Race Weekend Central

2022 Indianapolis 500: Former Winners’ Results

Although Marcus Ericsson took home his first Indianapolis 500 win in the 106th (2022) running of the event, eight former 500 winners also took the green flag to challenge for another day in the limelight. On the whole, how did they stack up?

Tony Kanaan

Start: 6
Finish: 3
Laps led: 6

Kanaan’s day played out quietly and consistently. The 2013 500 winner rarely left the top five throughout the day and kept his nose clean to the checkered flag. Kanaan took the final restart in third place and looked to challenge Pato O’Ward for second with two laps to go, but was caught having to defend from Felix Rosenqvist instead. This third place finish is Kanaan’s best 500 performance since his 2013 win.

Alexander Rossi

Start: 20
Finish: 5
Laps led: 0

If any of the former 500 winners needed a good run, it was Rossi. Since winning the Borg-Warner in 2016, Rossi enjoyed a second place finish in 2019, but followed that up with 27th and 29th place runs in 2020 and 2021 owing to driver error and running out of fuel under caution, respectively. After their misfortune over the past two years, a fifth place run at Indianapolis is nothing for the No. 27 team to be ashamed of.

Helio Castroneves

Start: 27
Finish: 7
Laps led: 0

The drive for five came up a bit short in 2022, but that shouldn’t take away from the credit Castroneves earned with this run. The poor qualifying result shown by the four-time 500 winner shocked the grid, and his name wasn’t brought up in surplus throughout the race. Nonetheless, cooler heads prevailed and Castroneves navigated the day’s chaos with grace to earn a respectable seventh place. It would seem 47 years old is just a number.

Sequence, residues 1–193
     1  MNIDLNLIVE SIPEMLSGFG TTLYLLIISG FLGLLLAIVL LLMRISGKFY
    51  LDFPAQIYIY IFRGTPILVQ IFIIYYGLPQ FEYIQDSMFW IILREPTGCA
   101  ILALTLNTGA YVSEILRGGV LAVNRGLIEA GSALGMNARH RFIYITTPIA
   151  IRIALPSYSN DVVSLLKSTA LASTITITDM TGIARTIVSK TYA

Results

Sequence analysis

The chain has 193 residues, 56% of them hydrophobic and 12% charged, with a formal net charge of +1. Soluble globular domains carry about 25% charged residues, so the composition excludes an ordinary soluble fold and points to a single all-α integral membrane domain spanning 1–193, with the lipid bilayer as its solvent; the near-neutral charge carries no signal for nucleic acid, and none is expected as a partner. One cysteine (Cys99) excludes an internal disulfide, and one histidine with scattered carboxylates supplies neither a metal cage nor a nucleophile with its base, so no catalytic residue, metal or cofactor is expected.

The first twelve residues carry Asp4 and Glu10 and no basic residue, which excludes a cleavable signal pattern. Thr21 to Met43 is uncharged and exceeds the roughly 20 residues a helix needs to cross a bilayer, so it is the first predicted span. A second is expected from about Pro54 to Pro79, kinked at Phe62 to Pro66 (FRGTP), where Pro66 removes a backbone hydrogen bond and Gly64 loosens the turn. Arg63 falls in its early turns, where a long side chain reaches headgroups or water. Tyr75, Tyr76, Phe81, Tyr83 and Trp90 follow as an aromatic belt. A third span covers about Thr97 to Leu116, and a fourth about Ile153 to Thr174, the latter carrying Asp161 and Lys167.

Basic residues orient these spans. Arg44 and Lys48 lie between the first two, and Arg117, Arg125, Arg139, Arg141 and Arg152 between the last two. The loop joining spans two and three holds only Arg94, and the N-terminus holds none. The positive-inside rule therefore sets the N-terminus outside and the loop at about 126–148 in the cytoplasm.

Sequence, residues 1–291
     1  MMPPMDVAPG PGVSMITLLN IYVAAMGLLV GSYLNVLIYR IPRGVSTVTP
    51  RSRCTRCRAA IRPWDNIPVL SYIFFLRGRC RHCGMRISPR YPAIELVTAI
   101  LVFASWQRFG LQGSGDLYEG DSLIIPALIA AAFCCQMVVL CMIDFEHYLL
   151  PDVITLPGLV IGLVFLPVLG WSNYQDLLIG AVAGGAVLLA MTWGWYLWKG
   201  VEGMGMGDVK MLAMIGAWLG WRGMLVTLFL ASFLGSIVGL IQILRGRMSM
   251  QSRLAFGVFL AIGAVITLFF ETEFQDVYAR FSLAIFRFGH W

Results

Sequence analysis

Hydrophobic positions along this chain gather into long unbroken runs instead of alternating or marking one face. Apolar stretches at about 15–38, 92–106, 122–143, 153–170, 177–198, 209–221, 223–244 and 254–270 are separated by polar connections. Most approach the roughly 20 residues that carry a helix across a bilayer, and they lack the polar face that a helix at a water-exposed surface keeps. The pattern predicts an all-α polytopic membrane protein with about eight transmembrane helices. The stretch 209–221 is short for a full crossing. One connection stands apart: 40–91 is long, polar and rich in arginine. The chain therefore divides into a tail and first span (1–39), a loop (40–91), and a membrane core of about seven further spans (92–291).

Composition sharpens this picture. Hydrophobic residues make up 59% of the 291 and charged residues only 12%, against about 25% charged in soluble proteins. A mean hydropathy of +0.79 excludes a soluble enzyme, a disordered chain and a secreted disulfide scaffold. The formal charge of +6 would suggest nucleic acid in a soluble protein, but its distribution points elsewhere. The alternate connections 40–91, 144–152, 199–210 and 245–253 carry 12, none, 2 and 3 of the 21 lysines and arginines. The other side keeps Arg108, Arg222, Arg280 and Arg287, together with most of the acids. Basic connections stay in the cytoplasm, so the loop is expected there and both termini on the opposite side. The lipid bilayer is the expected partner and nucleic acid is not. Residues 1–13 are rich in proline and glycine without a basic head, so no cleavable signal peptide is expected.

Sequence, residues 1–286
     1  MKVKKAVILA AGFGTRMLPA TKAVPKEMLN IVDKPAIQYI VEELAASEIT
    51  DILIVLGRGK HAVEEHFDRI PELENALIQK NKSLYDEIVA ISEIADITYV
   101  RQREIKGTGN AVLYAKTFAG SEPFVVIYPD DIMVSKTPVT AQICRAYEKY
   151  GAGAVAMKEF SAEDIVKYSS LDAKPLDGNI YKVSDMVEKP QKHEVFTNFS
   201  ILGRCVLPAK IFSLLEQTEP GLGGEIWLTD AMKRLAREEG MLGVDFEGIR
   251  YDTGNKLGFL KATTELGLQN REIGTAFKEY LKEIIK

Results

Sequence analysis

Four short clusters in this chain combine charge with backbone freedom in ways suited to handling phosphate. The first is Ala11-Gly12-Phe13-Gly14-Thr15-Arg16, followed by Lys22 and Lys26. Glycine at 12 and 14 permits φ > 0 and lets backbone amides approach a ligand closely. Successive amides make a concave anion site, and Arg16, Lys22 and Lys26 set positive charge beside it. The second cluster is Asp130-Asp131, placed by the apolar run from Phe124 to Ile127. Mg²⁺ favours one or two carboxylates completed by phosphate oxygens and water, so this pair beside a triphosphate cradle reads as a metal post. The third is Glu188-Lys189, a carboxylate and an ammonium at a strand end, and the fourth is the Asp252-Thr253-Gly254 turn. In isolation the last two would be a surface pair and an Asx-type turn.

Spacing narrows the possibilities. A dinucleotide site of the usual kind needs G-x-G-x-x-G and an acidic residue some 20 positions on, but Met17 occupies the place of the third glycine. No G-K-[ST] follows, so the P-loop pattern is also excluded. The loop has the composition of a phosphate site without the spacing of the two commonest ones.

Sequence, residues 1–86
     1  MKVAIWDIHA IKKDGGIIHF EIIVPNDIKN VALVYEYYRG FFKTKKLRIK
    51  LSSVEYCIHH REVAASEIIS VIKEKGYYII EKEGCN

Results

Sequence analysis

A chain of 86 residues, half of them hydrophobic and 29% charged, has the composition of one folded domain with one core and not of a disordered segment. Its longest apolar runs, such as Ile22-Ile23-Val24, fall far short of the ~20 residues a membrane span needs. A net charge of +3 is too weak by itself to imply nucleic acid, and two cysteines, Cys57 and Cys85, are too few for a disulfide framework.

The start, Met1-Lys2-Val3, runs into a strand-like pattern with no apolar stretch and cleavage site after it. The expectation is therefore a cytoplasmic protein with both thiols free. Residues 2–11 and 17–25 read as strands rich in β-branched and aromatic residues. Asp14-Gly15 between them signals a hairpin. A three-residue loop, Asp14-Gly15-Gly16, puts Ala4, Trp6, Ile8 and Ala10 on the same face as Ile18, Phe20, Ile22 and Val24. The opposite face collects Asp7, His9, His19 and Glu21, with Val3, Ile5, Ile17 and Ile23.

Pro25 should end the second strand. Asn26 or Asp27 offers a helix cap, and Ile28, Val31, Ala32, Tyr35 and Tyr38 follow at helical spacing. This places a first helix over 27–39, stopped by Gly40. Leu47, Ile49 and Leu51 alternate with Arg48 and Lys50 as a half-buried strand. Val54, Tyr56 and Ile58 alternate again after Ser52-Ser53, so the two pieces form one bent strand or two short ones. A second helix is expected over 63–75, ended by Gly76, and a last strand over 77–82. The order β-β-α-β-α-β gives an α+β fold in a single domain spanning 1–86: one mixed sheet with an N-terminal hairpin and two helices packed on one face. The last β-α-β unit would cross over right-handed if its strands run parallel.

Simon Pagenaud

Start: 16
Finish: 8
Laps led: 0
Pagenaud has been rather quiet since his 2019 sweep of the month of May. After outrunning Rossi to the checkered flag in 2019, Pagenaud also scored a third place finish in the 2021 Indy 500, possibly having caught and challenged Castroneves had the race been ten laps longer. While eighth won’t be anything extraordinary for the Frenchman, the pace coming from both Meyer Shank cars is fair cause for optimism.

Juan Pablo Montoya

Start: 30
Finish: 11
Laps led: 0

Of all the former winners in the field, Montoya certainly had the most frustrating start to this year’s 500 campaign. An uncooperative car left the 2000 and 2015 winner to start on the second to last row of the grid, and progress was slow. As with the other seasoned veterans in the field, Montoya showed that slow and steady can win the race, or at least finish 11th. At age 46, Montoya’s primary commitments remain in sports car racing, but with finishes of ninth and 11th in 2021 and 2022, his name should never be counted out.

Will Power

Start: 11
Finish: 15
Laps led: 0

Underwhelming would be the best way to describe the 2018 Indy 500 champ’s day. Power opened the race with his traditional blitz around the outside in turn one, but any gains made there fell away from the Verizon car rather quickly. While it’s certainly not complaint worthy after a 30th place result in 2021, 15th is certainly below the standard Power and Roger Penske hold this team to.